6. ^ Albin Krebs (23 February 1991). "John Sherman Cooper Dies at 89; Long-time Senator From Kentucky". The New York Times. 
  7. ^ "Ronald V. Dellums; Representative, 1971–1998, Democrat from California". Black Americans in Congress, 1870–2007. Office of History and Preservation, Office of the Clerk, U.S. Government Printing Office, Washington, D.C. 2008. Retrieved 17 April 2009. 
  8. ^ "Friends and Students Remember Jesuit Pioneer". Georgetown University. 5 February 2007. 
  9. ^ "J. William Fulbright". Encyclopædia Britannica. 2009. Retrieved 17 April 2009. 
  10. ^ Melinda Henneberger (22 May 2000). "A Political Father Who Chose the High Road and Unpopular Stands". The New York Times. 
  11. ^ David E. Rosenbaum (5 June 1971). "Senators Reject Limits on Draft; 2-Year Plan Gains" (fee required). The New York Times. Retrieved 2007-12-29. 
  12. ^ Myrna Oliver (29 July 2003). "Vance Hartke, 84; Indiana Senator Opposed Johnson on Vietnam". Los Angeles Times. 
  13. ^ "The Viet Nam Race". Time Magazine. 14 October 1966. 
  14. ^ Mann, Robert (2002). A Grand Delusion: America's Descent into Vietnam. Basic Books. p. 554. ISBN 0-465-04370-4. Retrieved April 19, 2009. 
  15. ^ Thurston Clarke (June 2008). "The Last Good Campaign". Vanity Fair. 
  16. ^ "Ed Koch's Legacy". Gotham Gazette. 14 November 2005. Retrieved 19 April 2009. 
  17. ^ Olson, James Stuart (1999). Historical dictionary of the 1960s. Greenwood Publishing Group. pp. 281–282. ISBN 0-313-29271-X. Retrieved April 19, 2009.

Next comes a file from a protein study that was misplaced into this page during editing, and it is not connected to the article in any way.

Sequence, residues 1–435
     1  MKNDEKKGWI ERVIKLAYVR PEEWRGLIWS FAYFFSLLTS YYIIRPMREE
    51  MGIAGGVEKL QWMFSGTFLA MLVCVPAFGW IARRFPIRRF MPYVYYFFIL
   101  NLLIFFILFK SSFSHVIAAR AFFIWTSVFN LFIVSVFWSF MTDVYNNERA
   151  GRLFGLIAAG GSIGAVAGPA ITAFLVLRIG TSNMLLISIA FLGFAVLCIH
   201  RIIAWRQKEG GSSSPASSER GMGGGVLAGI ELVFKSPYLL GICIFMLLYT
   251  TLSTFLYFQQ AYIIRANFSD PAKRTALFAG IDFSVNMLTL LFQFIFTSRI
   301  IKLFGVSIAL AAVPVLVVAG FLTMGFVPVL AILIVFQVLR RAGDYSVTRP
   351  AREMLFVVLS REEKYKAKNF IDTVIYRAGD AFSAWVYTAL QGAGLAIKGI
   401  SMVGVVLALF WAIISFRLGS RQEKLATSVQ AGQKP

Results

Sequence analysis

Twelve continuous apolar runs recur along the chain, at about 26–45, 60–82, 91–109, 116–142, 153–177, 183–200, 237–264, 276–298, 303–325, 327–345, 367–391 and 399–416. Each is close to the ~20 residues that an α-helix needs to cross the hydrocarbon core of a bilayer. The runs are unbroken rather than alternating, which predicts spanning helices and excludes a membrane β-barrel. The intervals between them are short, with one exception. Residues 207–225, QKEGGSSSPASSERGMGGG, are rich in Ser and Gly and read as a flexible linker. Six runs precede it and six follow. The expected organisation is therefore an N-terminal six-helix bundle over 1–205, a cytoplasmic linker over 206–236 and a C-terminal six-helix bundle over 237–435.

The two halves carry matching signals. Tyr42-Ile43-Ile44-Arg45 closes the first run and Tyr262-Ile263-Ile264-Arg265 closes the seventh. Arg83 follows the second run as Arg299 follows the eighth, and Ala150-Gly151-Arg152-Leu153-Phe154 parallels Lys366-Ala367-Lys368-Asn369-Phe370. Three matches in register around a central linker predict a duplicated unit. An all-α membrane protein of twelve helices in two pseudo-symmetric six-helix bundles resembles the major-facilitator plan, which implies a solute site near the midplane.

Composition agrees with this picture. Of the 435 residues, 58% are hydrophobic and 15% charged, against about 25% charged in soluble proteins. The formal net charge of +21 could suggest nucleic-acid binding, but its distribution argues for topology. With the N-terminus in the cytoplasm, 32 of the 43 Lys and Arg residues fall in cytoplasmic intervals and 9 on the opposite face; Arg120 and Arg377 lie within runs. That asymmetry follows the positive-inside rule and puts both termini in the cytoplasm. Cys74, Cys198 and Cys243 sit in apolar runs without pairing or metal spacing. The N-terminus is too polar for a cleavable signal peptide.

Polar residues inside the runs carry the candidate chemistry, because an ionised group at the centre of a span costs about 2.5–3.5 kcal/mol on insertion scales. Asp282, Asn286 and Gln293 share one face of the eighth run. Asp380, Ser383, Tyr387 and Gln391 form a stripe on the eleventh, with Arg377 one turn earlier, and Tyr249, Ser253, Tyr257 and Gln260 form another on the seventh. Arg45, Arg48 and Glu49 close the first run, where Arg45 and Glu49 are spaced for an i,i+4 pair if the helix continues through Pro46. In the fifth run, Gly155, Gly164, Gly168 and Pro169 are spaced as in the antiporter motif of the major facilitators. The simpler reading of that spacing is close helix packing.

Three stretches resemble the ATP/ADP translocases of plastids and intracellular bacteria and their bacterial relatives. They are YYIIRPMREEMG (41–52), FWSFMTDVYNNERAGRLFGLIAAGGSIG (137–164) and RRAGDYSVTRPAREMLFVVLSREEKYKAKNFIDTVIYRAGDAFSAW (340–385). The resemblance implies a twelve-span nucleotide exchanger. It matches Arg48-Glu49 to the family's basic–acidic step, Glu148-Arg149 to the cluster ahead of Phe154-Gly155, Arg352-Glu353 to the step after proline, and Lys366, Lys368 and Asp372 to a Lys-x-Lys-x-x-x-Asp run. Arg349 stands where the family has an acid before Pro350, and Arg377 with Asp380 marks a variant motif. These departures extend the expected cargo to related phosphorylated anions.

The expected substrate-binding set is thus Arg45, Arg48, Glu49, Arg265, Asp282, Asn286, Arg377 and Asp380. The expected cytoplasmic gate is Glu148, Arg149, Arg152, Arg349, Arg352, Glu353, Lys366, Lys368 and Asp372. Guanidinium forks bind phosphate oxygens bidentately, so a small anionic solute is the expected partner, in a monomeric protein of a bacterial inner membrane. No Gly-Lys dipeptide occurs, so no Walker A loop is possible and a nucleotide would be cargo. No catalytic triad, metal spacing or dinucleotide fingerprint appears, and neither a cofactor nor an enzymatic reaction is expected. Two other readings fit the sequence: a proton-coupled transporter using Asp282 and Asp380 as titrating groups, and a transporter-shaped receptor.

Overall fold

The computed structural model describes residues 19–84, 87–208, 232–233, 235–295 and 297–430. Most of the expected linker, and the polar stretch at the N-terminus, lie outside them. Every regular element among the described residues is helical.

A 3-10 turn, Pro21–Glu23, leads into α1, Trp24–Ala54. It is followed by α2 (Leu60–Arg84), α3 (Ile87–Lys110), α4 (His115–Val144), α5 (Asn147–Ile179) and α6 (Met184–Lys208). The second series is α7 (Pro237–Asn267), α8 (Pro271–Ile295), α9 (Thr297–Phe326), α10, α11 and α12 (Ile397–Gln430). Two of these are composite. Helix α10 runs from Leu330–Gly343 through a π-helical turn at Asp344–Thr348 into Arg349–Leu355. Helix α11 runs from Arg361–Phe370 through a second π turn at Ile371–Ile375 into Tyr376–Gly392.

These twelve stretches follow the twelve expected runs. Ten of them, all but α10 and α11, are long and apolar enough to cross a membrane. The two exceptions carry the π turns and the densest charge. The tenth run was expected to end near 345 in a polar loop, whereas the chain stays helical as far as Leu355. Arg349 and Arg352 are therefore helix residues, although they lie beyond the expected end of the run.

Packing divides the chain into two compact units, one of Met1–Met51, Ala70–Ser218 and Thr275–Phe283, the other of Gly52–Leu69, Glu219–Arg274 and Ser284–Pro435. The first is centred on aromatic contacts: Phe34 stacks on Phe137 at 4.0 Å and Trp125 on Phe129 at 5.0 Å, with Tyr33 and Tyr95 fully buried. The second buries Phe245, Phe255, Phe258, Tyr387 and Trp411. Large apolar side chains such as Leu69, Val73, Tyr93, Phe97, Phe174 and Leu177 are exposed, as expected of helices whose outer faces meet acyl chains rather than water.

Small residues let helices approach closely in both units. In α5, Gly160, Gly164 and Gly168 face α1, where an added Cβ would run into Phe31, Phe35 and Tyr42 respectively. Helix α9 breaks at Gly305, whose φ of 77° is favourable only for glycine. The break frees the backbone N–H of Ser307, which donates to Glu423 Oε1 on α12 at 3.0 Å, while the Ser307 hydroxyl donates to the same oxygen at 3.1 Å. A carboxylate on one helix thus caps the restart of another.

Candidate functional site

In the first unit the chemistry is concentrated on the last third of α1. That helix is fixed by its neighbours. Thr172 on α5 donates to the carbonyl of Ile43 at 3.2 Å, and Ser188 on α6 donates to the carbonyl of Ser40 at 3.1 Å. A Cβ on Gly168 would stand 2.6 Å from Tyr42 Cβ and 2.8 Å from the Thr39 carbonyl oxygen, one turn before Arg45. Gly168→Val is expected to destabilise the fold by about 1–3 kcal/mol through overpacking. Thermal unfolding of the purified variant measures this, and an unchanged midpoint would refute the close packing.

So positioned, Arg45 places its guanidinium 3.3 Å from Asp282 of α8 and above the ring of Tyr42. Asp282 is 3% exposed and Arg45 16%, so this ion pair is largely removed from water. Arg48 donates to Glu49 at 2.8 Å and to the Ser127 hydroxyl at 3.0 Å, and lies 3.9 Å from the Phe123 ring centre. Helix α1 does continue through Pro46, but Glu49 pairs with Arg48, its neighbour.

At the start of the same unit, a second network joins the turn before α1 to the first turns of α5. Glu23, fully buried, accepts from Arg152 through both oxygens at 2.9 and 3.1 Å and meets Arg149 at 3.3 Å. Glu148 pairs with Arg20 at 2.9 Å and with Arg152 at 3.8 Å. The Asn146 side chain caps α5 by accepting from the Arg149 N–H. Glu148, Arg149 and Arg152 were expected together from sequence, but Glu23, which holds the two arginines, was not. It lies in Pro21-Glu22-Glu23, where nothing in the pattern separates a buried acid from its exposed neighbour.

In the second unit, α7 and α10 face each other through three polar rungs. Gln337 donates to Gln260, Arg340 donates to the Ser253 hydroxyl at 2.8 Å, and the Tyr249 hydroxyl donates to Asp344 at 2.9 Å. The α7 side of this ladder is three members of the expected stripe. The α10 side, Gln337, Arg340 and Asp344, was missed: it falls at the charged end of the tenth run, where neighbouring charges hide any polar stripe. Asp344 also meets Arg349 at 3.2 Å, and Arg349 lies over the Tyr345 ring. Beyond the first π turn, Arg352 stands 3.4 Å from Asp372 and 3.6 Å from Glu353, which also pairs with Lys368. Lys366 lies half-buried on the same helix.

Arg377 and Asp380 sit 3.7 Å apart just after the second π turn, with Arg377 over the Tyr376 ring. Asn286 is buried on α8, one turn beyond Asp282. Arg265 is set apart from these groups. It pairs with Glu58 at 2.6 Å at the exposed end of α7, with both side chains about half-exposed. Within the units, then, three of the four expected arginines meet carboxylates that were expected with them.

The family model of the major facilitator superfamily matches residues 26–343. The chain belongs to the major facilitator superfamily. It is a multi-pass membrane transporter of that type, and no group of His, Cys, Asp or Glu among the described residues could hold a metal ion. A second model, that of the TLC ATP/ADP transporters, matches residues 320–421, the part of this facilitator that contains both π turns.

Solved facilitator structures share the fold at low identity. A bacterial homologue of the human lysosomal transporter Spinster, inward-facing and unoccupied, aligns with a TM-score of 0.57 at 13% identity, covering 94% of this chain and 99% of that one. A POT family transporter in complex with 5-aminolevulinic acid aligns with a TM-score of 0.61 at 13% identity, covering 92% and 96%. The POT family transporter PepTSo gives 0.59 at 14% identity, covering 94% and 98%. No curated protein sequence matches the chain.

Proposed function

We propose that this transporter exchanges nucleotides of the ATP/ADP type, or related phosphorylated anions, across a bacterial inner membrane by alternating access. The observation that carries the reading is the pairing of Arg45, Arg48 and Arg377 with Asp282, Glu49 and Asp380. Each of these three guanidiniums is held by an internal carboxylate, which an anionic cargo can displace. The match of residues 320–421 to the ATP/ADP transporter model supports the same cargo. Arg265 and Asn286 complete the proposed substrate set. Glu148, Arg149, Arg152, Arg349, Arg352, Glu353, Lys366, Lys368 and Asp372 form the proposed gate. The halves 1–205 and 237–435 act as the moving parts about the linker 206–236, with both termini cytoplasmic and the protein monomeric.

18. ^ Francis X. Clines (11 December 2005). "Eugene J. McCarthy, Senate Dove Who Jolted '68 Race, Dies at 89". The New York Times. 
  19. ^ "White knight in a battle-bus". The Economist. 1 June 2006. 
  20. ^ "The Plight of The Doves". Time Magazine. 14 September 1970. 
  21. ^ Matusow, Allen (1984). "The Vietnam War, the Liberals, and the Overthrow of LBJ". 
  22. ^ "Back in Time: At War with War". CNN. 
  23. ^ "Patsy T. Mink". Women in Congress. Office of the Clerk, U.S. Capitol, Room H154 - Washington, DC. 
  24. ^ "FBI Investigated Wayne Morse Over Vietnam War Opposition; Johnson Allegedly Ordered Probe of Senator". The Washington Post. 17 July 1988. (subscription required (help)). 
  25. ^ Martin Tolchin (7 January 1994). "Thomas P. O'Neill Jr., a Democratic Power in the House for Decades, Dies at 81". The New York Times. 
  26. ^ Richard Severo (16 December 2005). "William Proxmire, Maverick Democratic Senator From Wisconsin, Is Dead at 90". The New York Times. 
  27. ^ Graeme Zielinski (15 January 2002). "Longtime Rep. Henry Reuss Dies; Wis. Democrat a Banking Expert" (fee required). The Washington Post. He also was a foe of the Communist-baiting Sen. Joseph R. McCarthy (R-Wis.); an early supporter of civil rights, conservation and congressional reform legislation; and a vocal opponent of the Vietnam War. 
  28. ^ "Strong Criticism Comes in Reaction to Bombing". The Virgin Islands Daily News. 22 December 1972. 
  29. ^ Morgan, Joseph G. (1997). The Vietnam Lobby. UNC Press. p. 110. ISBN 0-8078-2322-8. Retrieved April 19, 2009. 
  30. ^ Beito, David T; Beito, Linda Royster (21 August 2006). "The Christian Conservative Who Opposed the Vietnam War". History News Network. 
  31. ^ Carl Hulse (9 February 2003). "Threats and Responses: The Draft; A New Tactic Against War: Renew Talk About Draft". The New York Times. 
  32. ^ "Andrew Young". Encyclopædia Britannica.